Microsofts Smartscreen Warning for downloaded files
Starting an app downloaded from the internet may result in a warning. The origin of this warning is the Microsoft Defender Smartscreen. This article gives users an explanation of what this warning means and a tip for developers how to avoid it.
What means this warning
Starting an app downloaded from the internet may result in this warning:
Windows SmartScreen prevent an unrecognized app from starting. Running this app might put your PC at risk.
This sounds dangerous. But indeed it's not. According to Microsoft it's a warning if an app wasn't downloaded so often and therefor didn't gained so much reputation. Original Microsoft description:
Application Reputation warnings are meant to indicate when applications do not have known positive reputation. This doesn’t mean that the application is malicious, only that it is “unknown.” Users can still proceed to download and run the application.
To avoid this warning, the app have to be signed using a valid digital certificate. Such a certificate have to be purchased and costs about USD 500 per year. For low cost apps or free apps this is absolutly impossible for this price.
Original Microsoft description:
If establishing reputation immediately is critical, you may want to consider investing in an EV Authenticode certificate. A valid EV Authenticode certificate can immediately establish reputation with SmartScreen reputation services even if no prior reputation exists. In order to be considered a valid EV certificate, the certificate must be issued by a Certificate Authority that is authorized by the Microsoft Trusted Root Certificate Program and recognized as an Extended Validation issuer.
How to run the app despite the warning?
Simply click More info and then Run anyway as described in the screenshots below.
How to avoid this warning
Most browsers add additional information in the Alternative Data Stream (ADS) to each file downloaded from the Internet. ADS is a feature of the NTFS file system. These additional information can be discovered with the Streams Tool from the Sysinternals Suite.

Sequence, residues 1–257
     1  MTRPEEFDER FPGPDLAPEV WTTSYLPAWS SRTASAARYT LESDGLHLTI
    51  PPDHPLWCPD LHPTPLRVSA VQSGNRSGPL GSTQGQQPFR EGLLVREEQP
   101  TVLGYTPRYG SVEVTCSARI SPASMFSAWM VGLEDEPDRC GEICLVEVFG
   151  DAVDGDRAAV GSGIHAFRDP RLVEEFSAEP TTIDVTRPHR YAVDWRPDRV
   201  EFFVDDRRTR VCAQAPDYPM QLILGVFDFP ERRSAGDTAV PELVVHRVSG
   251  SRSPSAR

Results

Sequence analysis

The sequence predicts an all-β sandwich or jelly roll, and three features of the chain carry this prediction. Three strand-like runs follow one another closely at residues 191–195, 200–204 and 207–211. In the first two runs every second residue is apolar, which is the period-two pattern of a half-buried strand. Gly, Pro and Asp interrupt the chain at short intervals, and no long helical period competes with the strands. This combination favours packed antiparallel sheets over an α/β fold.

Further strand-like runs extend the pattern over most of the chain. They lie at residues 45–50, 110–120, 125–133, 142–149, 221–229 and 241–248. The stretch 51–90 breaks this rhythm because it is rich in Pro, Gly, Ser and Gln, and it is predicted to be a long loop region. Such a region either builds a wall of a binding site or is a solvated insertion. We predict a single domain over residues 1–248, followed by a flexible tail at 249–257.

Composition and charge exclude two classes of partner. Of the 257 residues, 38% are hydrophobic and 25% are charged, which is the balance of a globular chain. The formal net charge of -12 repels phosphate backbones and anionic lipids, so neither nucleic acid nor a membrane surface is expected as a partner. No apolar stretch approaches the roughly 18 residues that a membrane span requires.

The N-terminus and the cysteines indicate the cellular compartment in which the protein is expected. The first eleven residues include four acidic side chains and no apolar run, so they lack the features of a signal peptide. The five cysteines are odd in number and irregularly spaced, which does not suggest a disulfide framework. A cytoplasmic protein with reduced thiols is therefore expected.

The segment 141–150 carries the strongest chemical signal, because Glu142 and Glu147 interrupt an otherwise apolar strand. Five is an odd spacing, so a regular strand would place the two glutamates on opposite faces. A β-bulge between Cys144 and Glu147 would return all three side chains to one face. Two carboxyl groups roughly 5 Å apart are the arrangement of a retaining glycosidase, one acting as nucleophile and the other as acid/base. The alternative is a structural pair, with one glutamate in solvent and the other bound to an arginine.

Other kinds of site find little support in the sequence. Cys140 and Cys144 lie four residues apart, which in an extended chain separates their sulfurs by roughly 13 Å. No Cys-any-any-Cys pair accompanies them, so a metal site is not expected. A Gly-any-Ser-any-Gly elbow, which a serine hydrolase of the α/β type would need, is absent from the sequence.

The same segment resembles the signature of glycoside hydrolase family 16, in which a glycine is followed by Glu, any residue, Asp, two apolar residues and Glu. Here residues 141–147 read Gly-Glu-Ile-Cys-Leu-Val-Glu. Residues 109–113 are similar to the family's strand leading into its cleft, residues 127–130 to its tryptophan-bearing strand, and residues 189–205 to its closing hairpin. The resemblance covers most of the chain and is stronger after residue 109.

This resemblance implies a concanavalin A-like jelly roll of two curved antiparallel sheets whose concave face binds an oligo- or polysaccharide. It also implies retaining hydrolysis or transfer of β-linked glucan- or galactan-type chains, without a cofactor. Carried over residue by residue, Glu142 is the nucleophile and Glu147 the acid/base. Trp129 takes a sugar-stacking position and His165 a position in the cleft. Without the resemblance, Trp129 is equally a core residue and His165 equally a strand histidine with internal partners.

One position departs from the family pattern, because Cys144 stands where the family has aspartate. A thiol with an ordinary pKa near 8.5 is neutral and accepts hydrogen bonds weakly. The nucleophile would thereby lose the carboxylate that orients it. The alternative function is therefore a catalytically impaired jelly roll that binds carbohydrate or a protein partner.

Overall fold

These Zone.Identifier are automatically removed after the first start of the app. However, it can also be removed manually in the file properties. Just tick the Unblock checkbox like in the screenshot below.
Packing executable files into ZIP-files will help only if a ZIP-handling software is installed. The Windows internal ZIP-feature copies the additional information from the ADS of the ZIP-file to every extracted file.
Fortunately, Microsoft offers a form where you can submit files for scan. But this will work only if the file got already some downloads recognized by Smartscreen. How many downloads is unknown. Some people reported a few dozens and others a few hundreds. I was able to get that right after 2 days and only one single download. You have to create a Microsoft account and visit the following link: https://www.microsoft.com/en-us/wdsi/filesubmission
In the following form you have to fill:
- Select the Microsoft security product used to scan the file - Select: "Microsoft Defender Smartscreen"
- Company Name - Enter anything
- Select the file - Select the file in question
- Incorrectly detected as malware/malicious - Set the checkmark
- Detection name / Additional information - Enter: Windows SmartScreen prevent an unrecognized app from starting.
After submitting this form you will get a notification email about the receipt of this submission and after a few hours you might get another email about the completation of the analysation. This email contains a link to a page with the analyst comments. There you should read:
The warning you experienced indicates that the application had not established reputation with the Microsoft Defender SmartScreen Application Reputation feature at that time. We can confirm that the application <APP NAME> has since established reputation and attempting to download or run the application should no longer show any warnings.
Now the Smartscreen warning should be gone for every download of the same file. But you will get the warning again as soon as you modify the file.
Categories: Windows Uncategorized